Once you’ve hooked the reader, your next task is to put your early chapters to work introducing your characters, settings, and stakes. The first 20-25% of the book comprises your setup. At first glance, this can seem like a tremendous chunk of story to devote to introductions, but if you expect readers to stick with you throughout the story, you first have to give them a reason to care. And this important stretch of the story is where you accomplish just that. Mere curiosity can only carry a reader so far. Once you’ve hooked that sense of curiosity, you then have to deepen the pull by creating an emotional connection between your readers and your characters.
These “introductions” are made up of far more than just the actual moment of introducing the characters and settings or explaining the stakes. The introductions themselves probably won’t take more than few scenes. After the introduction is when your task of exploring character and establishing the stakes really begins.
What are character/setting/stakes introductions?
The first quarter of the book (the first act) is the place to compile all the necessary components of your story. Anton Chekhov’s famous advice that “if in the first act you have hung a pistol on the wall, then in the following one it should be fired” is just as important in reverse: If you’re going to have a character fire a gun later in the book, that gun should be introduced in the first act. The story you create in the following acts can only be assembled from the parts you’ve shown the reader in this first act. That’s your first duty in this section.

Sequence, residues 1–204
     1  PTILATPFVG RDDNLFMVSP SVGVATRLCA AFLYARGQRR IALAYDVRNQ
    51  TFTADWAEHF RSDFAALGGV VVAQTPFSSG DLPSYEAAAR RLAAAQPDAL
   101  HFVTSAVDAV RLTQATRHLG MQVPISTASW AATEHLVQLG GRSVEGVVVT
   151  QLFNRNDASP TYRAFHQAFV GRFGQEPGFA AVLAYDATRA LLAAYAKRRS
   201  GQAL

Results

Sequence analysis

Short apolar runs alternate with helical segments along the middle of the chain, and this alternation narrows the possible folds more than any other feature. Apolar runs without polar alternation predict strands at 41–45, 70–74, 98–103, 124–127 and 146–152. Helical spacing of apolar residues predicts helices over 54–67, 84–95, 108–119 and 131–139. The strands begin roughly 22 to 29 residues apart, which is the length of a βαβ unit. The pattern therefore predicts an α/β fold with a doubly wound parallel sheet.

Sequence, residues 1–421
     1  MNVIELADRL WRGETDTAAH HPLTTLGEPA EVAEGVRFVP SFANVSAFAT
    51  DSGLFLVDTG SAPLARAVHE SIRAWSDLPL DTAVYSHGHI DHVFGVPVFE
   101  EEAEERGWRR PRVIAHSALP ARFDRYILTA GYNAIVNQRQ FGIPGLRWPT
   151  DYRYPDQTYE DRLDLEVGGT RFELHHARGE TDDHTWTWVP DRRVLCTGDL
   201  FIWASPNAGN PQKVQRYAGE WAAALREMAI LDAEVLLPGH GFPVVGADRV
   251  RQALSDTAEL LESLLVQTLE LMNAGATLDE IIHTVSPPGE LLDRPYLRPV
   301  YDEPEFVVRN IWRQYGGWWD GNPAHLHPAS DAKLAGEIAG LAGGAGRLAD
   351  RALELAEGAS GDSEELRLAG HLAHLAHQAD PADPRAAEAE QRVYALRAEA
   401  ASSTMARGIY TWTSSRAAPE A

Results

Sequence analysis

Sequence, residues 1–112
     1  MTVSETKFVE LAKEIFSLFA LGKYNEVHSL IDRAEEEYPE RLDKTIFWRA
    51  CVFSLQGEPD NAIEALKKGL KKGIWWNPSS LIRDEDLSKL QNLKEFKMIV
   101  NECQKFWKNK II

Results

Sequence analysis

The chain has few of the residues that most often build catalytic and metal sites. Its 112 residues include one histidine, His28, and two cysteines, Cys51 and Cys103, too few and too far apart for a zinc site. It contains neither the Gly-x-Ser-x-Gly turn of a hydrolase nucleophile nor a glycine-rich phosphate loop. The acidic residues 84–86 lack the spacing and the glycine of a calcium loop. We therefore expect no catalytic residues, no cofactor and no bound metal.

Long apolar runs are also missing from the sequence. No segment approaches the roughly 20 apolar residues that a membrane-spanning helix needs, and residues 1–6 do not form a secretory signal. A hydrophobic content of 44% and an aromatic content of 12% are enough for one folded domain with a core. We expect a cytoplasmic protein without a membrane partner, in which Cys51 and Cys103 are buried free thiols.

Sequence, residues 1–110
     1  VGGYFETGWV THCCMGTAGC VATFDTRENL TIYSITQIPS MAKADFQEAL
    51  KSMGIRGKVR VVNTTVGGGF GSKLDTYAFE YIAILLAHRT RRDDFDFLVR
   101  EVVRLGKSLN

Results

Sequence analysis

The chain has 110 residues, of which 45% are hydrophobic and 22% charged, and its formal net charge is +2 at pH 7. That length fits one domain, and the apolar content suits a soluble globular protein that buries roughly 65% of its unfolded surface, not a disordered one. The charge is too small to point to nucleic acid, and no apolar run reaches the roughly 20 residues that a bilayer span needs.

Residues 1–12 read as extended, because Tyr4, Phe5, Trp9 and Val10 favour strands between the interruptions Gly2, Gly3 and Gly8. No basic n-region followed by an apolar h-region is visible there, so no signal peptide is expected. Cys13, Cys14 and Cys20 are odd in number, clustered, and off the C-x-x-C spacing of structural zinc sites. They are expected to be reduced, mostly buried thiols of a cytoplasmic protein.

Your second duty is to allow readers the opportunity to learn about your characters. Who are these people? What is the essence of their personalities? What are their core beliefs (even more particularly, what are the beliefs that will be challenged or strengthened throughout the book)? If you can introduce a character in a “characteristic moment,” you’ll be able to immediately show readers who this person is. From there, the plot builds as you deepen the stakes and set up the conflict that will come to a head in the key and inciting events.
Where do the introductions belong?
The introductions should ideally begin in the opening chapter. Depending on the number of characters or the complexity of your setting, you will probably want to space the introductions throughout several early scenes. The most important thing to keep in mind is the necessity of giving characters enough space in these early chapters so you can focus on developing them. This does not mean the plot needs to be slow or meandering. Every scene must be pertinent to the plot; every scene must be a domino moving the characters forward to the point of no return. But don’t cram so much action into these early scenes that you waste your opportunity to flesh out the characters before the bullets really start flying later on.